In September 1735, the master ironworker François Vézin arrived in New France to inspect the ironworks and the land surrounding them. He believed that a few changes would be enough to achieve significant production output and to create approximately 120 jobs, an outcome the Colonial authorities desired. For instance, the land for the forges would have to be cleared since it had not been previously cultivated. Vézin and previous investors in Francheville’s company agreed to take over the forges and all their debt, and to begin anew with Vézin’s vision, as long as they received the same monopoly terms as Francheville. The new company was officially formed in 1737. It involved Cugnet and Gamelin, who were previous investors in the forges, along with Tascherueau who was a high-ranking individual within the Marine, Vézin, and another skilled ironworker from France.Ibid, 300. As local experts claimed that Vézin overestimated the amount of energy the creek could produce for the forges, the master ironworker modified his plans and finally created a smaller forge that would not be sufficient to produce the variety of ironwork initially hoped for. Work began in earnest after the change of plans with the aid of another master ironworker sent by the intendant. Pressed by the authorities, Vézin finished the construction quickly, thereby making a low quality building. Many skilled workers from France kept arriving to assist at the Forges du Saint Maurice, but due to the rushed timeline and poor craftsmanship, certain parts of the forges were not producing any output and the skilled workers could not ply their trade. The poor construction led to sections of the forges requiring reconstruction, which raised the operating costs and limited the profits. All these setbacks continued weighing upon the production of the forges, slowing it quite dramatically, even halving it during certain periods. The constant setbacks drove the ironworks deeper into debt to the French Crown, which continuously gave loans in the thousands of livres at the request of various colonial ministers, most notably the intendant Hocquart. Vézin’s estimates of the cost of the forges were low, and production predictions were drastically higher than what could actually be produced. In 1741, the Vézin era of the Forges du Saint Maurice came to an end. The forges had been struggling financially for many years when the company finally declared bankruptcy.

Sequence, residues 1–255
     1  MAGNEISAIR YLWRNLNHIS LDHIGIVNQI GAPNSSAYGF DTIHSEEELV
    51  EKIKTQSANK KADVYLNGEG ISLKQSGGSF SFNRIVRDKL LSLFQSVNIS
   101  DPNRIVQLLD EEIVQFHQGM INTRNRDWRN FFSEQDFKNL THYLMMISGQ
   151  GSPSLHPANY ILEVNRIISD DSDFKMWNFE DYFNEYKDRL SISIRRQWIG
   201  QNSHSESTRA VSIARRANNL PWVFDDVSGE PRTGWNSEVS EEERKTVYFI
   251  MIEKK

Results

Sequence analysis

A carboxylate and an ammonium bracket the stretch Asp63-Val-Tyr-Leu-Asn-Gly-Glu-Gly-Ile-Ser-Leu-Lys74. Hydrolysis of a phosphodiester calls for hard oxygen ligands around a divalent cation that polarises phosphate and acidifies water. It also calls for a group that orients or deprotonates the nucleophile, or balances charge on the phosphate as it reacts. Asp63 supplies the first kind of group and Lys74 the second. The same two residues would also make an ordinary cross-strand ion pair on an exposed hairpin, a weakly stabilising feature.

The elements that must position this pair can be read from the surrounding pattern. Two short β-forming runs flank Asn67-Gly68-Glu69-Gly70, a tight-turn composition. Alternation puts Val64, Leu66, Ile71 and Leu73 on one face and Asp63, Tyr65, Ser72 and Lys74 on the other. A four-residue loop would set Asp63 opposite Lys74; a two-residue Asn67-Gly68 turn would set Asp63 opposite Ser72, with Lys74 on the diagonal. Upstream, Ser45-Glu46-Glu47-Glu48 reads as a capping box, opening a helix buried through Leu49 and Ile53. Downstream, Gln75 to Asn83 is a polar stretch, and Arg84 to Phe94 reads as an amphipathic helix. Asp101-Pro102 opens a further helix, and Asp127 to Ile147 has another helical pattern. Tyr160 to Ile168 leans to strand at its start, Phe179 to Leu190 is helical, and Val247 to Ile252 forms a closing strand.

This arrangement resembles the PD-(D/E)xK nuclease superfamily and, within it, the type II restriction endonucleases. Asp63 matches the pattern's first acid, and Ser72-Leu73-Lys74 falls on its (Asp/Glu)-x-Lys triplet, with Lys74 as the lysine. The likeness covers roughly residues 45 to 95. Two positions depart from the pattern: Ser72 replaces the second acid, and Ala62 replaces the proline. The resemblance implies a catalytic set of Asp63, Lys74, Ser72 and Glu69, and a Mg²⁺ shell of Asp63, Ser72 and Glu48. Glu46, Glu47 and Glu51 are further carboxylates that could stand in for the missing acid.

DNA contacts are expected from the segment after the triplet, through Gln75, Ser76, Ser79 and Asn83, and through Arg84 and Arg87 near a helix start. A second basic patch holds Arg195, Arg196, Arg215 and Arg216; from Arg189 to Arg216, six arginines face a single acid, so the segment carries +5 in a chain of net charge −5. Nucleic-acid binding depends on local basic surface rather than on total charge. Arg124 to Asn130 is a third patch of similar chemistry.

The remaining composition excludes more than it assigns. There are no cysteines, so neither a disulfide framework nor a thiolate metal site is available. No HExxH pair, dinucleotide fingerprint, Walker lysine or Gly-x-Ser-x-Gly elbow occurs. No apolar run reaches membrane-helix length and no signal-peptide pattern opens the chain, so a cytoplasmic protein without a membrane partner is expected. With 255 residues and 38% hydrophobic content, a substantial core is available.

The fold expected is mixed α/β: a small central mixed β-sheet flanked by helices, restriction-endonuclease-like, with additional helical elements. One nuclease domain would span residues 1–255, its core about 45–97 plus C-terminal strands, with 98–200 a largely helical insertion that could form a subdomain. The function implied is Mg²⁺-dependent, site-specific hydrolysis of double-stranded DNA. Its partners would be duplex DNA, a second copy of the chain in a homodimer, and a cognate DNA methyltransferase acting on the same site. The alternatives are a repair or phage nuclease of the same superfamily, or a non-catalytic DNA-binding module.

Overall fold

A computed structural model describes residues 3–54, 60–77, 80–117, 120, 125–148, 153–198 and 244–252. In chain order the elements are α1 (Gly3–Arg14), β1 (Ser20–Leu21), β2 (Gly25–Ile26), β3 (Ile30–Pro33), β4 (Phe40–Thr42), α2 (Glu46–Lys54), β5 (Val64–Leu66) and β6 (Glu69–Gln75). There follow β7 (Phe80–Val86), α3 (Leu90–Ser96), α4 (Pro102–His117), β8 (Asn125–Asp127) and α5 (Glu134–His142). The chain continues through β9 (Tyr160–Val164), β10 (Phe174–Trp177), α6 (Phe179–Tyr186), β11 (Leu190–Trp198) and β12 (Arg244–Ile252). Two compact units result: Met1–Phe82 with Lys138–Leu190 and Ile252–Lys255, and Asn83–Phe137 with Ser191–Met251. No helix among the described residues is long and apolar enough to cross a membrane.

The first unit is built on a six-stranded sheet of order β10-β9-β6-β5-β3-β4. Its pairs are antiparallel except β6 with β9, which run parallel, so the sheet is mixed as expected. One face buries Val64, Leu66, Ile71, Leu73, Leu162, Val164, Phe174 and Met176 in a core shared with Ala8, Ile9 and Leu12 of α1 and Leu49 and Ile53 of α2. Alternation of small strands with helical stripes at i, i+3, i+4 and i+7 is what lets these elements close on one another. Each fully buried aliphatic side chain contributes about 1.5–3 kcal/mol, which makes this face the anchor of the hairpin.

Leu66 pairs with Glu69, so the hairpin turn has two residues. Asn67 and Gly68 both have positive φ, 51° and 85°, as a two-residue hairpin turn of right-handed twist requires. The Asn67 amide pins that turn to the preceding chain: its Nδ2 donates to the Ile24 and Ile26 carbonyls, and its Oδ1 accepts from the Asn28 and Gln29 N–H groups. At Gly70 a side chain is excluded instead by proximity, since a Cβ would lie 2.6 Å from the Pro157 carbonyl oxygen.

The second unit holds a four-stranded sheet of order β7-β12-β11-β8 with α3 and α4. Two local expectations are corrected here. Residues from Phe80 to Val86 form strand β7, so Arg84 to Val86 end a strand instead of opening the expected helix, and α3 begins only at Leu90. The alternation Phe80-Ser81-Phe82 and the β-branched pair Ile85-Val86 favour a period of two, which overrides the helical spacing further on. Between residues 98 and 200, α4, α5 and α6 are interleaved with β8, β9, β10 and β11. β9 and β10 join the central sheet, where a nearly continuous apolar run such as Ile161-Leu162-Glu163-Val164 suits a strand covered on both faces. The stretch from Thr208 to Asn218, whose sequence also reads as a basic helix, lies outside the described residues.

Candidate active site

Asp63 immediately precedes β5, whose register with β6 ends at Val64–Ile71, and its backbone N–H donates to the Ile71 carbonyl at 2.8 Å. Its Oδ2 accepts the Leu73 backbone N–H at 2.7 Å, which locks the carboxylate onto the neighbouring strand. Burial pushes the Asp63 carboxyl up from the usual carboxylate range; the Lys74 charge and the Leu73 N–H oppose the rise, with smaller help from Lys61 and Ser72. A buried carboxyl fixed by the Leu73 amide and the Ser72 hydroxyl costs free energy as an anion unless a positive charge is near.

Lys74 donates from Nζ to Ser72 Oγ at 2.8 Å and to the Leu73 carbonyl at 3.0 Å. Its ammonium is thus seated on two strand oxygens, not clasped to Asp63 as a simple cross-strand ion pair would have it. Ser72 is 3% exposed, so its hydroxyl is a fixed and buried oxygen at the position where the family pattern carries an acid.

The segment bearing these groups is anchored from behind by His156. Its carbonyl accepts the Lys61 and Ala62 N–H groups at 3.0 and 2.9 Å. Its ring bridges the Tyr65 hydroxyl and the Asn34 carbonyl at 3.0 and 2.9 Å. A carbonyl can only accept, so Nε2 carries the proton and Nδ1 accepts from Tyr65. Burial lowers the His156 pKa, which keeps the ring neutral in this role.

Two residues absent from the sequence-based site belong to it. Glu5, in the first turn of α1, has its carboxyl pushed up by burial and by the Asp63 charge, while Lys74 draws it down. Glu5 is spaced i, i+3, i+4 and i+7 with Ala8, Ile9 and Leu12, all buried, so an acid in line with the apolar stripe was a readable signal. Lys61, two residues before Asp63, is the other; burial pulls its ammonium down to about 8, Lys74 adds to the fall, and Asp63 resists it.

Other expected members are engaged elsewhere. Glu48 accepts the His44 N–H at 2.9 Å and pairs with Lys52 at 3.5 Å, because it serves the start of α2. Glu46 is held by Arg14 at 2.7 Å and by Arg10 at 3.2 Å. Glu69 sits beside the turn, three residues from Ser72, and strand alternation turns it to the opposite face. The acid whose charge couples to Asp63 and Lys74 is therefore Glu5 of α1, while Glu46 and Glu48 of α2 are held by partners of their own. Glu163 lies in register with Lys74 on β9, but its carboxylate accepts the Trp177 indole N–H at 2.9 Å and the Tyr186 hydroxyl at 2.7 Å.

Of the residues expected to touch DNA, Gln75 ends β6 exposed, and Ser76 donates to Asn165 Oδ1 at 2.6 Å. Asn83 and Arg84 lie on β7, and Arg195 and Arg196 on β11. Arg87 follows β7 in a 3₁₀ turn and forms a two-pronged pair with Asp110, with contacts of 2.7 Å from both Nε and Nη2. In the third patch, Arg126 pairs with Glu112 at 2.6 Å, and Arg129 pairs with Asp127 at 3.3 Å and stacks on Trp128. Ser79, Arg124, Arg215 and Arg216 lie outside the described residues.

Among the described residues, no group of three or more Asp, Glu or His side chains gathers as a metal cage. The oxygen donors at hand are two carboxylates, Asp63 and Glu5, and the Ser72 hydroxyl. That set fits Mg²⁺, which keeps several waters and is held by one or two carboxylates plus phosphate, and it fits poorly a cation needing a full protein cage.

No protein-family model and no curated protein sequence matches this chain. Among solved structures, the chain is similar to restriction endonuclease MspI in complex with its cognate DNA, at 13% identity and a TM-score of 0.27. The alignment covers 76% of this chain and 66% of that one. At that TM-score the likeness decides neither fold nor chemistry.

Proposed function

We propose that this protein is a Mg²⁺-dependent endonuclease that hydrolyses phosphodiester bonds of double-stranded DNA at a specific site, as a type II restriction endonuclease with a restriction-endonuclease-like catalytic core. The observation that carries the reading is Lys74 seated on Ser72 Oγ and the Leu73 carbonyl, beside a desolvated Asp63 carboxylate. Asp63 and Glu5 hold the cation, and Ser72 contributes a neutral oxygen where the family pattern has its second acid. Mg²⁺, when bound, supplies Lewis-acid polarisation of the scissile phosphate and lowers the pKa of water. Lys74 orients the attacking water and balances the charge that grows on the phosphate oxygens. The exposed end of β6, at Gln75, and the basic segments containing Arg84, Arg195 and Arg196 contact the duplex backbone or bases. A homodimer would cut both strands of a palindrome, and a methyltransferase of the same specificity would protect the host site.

From private to public property